Following an adequate and balanced diet is the key to managing many diseases and improving overall quality of life. For this reason, scientific research has found benefit in a number of healthy eating tips: women who drink more than 1.5 cups of coffee a day are more likely to suffer from it, although no studies have shown that avoiding caffeine improves symptoms. Research conducted a few years ago and published in the American Journal of Obstetrics and Gynecology suggests that fish oil intake can reduce its severity and improve the symptoms of dysmenorrhea (painful menstruation), which can cause endometriosis. Another, published in “Family Practice News” (2004), proposed a combination of vitamin C and E, with the aim of helping to reduce pain in adolescents.

In a small preliminary work it was found that auricular acupuncture (performed in the auricle) was as effective as hormonal therapy in the treatment of associated infertility. However, although there are some reports that acupuncture can help relieve pain, there are no controlled studies to confirm this. For this reason, specialists insist that, although they provide benefits to some affected women, more research is needed to establish strong scientific evidence.

The voice and support of those affected

As with other chronic diseases, support groups and associations and expert patient associations, which give those affected the opportunity to share their experiences and concerns, help them to cope better. This is the case of the Association of People Affected by Cybernautic Endometriosis, ADAEC, a state-run group based in Valencia, which works from different parts of Spain thanks to new technologies and strives to inform, raise awareness and sensitize citizens and social health personnel about the disease.

María Antonia Pacheco Cumbre, president of ADAEC, explains that the average time for a diagnosis to be issued is around nine years. It is estimated that in that time a patient visits five different doctors – family doctors, gynaecologists and other specialists. During this period the patients suffer, in addition to the problems derived from the disease, “a considerable decrease in their quality of life due to stress, lack of knowledge and social, family and, in many cases, medical misunderstanding,” she adds.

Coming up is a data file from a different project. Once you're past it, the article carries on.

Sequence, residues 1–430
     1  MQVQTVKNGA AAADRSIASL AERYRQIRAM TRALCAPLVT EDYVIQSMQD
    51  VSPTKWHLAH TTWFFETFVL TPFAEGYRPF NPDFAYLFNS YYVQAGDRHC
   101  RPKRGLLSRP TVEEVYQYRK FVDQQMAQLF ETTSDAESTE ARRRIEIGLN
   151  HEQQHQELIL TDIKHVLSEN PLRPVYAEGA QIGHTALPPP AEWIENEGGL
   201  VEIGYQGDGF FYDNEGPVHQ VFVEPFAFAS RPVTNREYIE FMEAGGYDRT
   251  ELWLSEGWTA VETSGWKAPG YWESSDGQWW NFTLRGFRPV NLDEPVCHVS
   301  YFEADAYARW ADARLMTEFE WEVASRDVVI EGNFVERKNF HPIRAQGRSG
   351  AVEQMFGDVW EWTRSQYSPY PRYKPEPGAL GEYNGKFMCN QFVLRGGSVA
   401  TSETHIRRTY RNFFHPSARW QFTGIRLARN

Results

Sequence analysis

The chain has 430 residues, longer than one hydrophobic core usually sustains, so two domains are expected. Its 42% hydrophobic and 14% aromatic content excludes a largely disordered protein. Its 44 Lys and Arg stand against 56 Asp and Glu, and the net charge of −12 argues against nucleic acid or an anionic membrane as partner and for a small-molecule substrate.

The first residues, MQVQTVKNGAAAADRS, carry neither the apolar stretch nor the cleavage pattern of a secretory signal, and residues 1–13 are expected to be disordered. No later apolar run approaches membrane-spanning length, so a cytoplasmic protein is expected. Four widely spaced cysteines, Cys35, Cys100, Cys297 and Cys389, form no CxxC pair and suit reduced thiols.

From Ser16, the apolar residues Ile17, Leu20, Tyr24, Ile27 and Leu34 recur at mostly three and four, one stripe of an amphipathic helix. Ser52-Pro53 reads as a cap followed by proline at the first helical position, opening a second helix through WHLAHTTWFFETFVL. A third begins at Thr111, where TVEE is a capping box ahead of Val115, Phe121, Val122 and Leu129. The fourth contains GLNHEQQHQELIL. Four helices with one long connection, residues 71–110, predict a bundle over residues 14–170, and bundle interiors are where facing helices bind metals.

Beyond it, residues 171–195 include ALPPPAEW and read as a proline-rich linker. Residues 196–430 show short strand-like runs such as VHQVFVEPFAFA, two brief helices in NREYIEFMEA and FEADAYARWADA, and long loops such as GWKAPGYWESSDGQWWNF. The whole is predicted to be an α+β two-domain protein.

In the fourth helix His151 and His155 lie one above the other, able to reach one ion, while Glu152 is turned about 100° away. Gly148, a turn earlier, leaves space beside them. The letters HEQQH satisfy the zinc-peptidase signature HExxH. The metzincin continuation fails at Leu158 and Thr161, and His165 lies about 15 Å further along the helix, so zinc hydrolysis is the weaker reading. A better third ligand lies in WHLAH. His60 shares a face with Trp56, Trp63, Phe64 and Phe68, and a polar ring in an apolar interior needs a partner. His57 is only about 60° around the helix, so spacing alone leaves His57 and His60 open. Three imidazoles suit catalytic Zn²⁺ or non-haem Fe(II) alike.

This group, according to Pacheco, demands a series of requests from the health authorities:

  • The drafting of a national guide.
  • The formation of multidisciplinary work teams to minimize possible errors in diagnosis and quality of service provided.
  • The creation of reference units for serious cases
  • Early detection of the disease.
  • Expediting waiting lists for fertility treatments.
  • Monitoring of medications indicated for endometriosis.
  • Changing the criteria for determining inability to work due to endometriosis
  • The promotion of treatment research, a key aspect in addressing it and ensuring the right to health for women. Those affected are more likely to suffer from chronic fatigue syndrome, fibromyalgia, asthma, allergies, eczema, hypothyroidism and arthritis, among others.

ENDOMETRIAL FERTILITY

Image: richie graham
One of the first questions women ask after diagnosis is whether it will affect their ability to have children. The data indicates that between 30% and 40% of those affected are not fertile, in other words, endometriosis is one of the three causes of female infertility. Many women find that they suffer from the disease when tests are performed to explain why they do not become pregnant. However, this does not happen in all patients, especially if the pathology is mild.

For infertility due to endometriosis, procedures such as in vitro fertilization (IVF) are effective. Although the use of hormones in conjunction with IVF is beneficial, other hormonal therapies do not give the same result. A recent review by the Cochrane Library, including 24 trials, indicates that there is no evidence of benefit from ovulation suppression for these patients, despite the fact that synthetic steroids have been used for years. Danazol is one of them, used for the management of pain and associated infertility. As the review concludes, it would improve the first symptom but not fertility, quite the contrary, as ovulation and periods stop during treatment.

Laparoscopy to remove endometrial tissue when the condition is mild or minimal is also effective in improving fertility. Some studies show that surgery can double the pregnancy rate. However, the likelihood of success always depends on the extent of the disease.